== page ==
“The average homebuyer was becoming more and more Internet savvy,” he said. “What does that mean for my business? I knew that the average homebuyer in another 10 years has never not known the Internet. Rather than go to Safeway for a magazine, they’re going online.”
In late 2006, Coppola and his wife owned a home in downtown Port Orchard that they wanted to turn into a three-story office condominium.
The city, however, had plans to widen the highway, taking a portion of Coppola’s property. For two years, Coppola claimed, he never got an answer as to how much the city would take.
He decided to run for mayor after an unsatisfactory experience with a city engineer.
“We had a meeting, and he comes at me with, ‘What do you want?’ not, ‘Hello, can I help you?’” Coppola said. “At that moment, I decided I was going to run for mayor. It was about wanting to fix what I thought was a dysfunctional city.”
From 2008 through 2012, Coppola served as Port Orchard’s mayor and chief administrative official, transitioning the job from a part-time one to a full-time position and ushering in annexations that grew Port Orchard’s population and tax base.
“I’m proud of what we accomplished,” said Coppola, noting the McCormick Woods and Fred Meyer annexations in particular. “When I got there, the city was dipping into its reserves for payroll. I created resources without layoffs or furloughs. We were the only government in Kitsap still open five days a week during the recession.”
Coppola lost his re-election bid by five votes in a recount, but he said that life moves on.
“Losing that election was probably the most humbling thing that’s ever happened to me,” he said. “It gave me a renewed sense of public service, of wanting to make a difference.”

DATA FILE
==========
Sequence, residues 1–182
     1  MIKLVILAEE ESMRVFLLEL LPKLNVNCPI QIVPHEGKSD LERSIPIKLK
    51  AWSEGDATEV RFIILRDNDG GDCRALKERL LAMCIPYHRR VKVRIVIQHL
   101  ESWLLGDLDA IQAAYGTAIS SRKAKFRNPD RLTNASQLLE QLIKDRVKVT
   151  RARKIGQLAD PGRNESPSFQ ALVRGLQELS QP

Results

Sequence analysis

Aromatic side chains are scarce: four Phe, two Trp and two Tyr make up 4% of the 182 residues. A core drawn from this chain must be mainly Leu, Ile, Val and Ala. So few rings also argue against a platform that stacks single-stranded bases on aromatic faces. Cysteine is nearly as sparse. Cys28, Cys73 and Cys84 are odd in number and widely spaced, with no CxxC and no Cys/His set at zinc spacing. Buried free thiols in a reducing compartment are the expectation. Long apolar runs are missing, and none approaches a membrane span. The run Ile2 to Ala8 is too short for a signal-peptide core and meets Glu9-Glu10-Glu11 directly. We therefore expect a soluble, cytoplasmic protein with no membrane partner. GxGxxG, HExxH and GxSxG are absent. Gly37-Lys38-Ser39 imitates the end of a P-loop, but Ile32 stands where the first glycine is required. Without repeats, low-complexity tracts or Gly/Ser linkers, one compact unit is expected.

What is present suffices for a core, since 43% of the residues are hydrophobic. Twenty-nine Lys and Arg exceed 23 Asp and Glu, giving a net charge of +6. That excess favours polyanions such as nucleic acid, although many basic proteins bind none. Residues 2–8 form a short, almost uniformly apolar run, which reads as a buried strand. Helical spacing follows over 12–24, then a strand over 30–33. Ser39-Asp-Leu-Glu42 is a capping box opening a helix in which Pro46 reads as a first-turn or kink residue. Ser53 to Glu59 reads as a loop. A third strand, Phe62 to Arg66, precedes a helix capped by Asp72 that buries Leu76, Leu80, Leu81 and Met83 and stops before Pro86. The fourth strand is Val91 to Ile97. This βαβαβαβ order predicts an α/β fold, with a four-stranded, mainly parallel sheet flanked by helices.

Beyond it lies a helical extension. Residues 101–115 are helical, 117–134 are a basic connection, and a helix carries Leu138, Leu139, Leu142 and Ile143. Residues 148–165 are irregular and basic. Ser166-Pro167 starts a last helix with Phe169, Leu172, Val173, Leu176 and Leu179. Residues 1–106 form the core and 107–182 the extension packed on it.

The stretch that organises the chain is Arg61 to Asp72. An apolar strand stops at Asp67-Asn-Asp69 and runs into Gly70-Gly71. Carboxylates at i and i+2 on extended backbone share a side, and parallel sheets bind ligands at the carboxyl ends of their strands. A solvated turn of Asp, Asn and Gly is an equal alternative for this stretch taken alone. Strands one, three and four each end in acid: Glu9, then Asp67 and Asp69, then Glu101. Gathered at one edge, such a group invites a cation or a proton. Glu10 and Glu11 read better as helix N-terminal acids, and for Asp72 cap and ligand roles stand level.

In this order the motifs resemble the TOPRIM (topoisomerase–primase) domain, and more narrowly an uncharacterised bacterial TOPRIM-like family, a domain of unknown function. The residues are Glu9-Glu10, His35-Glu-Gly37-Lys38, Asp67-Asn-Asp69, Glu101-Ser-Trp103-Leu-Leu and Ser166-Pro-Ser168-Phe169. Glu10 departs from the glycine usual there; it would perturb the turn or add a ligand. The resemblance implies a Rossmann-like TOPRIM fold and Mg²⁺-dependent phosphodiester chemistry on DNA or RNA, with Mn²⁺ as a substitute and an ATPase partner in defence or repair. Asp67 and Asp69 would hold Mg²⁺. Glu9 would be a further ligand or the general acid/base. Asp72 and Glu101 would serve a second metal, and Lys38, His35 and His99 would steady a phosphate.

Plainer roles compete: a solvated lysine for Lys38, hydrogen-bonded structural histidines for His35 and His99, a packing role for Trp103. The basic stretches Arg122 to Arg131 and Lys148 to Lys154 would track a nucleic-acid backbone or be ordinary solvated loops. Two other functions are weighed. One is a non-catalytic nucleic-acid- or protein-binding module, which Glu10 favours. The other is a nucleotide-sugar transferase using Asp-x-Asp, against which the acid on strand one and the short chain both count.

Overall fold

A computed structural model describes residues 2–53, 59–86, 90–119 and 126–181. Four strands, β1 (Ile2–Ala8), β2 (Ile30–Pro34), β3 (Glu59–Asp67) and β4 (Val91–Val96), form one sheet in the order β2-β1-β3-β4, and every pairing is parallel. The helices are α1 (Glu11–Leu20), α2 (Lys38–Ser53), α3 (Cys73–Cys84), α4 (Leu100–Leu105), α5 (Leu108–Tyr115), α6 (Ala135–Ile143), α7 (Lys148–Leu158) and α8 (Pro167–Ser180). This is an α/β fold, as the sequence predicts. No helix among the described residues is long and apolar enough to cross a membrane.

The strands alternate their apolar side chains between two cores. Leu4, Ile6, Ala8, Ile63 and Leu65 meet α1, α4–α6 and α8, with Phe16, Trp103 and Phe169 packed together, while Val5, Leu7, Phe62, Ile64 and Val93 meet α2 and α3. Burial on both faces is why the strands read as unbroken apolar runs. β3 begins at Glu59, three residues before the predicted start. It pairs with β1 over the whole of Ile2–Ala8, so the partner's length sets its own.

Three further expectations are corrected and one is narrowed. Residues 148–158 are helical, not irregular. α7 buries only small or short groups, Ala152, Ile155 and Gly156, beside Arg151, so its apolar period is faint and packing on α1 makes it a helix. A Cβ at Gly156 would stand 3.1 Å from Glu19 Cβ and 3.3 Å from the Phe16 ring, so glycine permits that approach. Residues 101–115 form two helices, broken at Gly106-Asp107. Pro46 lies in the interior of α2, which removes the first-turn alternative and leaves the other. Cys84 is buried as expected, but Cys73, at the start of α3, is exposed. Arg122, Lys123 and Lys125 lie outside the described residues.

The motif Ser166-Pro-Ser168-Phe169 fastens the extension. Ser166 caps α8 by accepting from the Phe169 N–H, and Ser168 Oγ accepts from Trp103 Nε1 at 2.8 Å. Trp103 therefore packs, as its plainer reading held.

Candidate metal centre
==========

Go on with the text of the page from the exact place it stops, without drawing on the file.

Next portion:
Coppola applied for the Port of Allyn’s executive director position in 2013, then again last year after former director Rusty Bonser’s termination.
“The port’s primary mission is economic development and that’s been a personal passion of mine,” he said. “It’s more about the opportunity to give back. Economic development creates jobs, and you have the opportunity to make people’s lives better by doing that.”
Coppola has worked with Mason County businessowners since he started the Business Journal in the 1980s, and he’s eager to meet new people and groups.
The port has tasked him with four main projects to work on right now, including a feasibility study on whether the port should manage the Theler community center in Belfair, developing a plan for the old Sargent oyster house on port property, finishing the LakeLand Village sidewalk project and starting an update on the port’s strategic plan.
Additionally, Coppola will work on ways to make the office more efficient and will look closely at the port’s facilities to see whether they need to be better maintained.
While Allyn might not change in the near future, Coppola does foresee changes in North Mason that could work in the port’s favor.
“If a Belfair bypass is built, that will determine where the port would like to build an industrial park,” he said. “Whether or not the bypass happens, it would behoove us to see a park in North Mason. There have even been talks to extend the sewer out to it.”
Coppola and his wife still live in Manchester, with their 11-year-old grandson, but Coppola dreams of living on Hood Canal.
His focus for now is on his new job.
“Making people’s lives better is more important to me now than it used to be,” he said. “Allyn is a beautiful place, a nice place with nice people. It’s not my job to come here and pave over everything.”